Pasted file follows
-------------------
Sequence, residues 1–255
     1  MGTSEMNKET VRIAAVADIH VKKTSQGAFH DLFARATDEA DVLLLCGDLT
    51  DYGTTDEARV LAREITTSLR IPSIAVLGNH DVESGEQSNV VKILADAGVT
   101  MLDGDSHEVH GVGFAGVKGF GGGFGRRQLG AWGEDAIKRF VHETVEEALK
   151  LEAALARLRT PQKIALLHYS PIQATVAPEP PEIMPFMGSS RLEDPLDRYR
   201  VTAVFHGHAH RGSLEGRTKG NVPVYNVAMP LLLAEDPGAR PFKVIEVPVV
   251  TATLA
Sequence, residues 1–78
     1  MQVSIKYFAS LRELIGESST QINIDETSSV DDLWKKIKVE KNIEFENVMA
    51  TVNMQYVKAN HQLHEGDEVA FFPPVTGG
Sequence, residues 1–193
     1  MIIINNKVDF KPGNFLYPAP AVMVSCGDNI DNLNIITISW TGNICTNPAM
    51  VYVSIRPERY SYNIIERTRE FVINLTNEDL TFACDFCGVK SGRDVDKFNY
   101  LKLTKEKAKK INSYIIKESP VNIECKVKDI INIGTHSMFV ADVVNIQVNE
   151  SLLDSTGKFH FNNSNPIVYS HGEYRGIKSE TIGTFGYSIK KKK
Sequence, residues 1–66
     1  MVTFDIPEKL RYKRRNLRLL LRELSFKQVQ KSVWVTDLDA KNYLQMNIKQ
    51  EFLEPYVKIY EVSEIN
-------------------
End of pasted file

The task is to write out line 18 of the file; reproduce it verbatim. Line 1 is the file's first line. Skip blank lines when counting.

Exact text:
    51  EFLEPYVKIY EVSEIN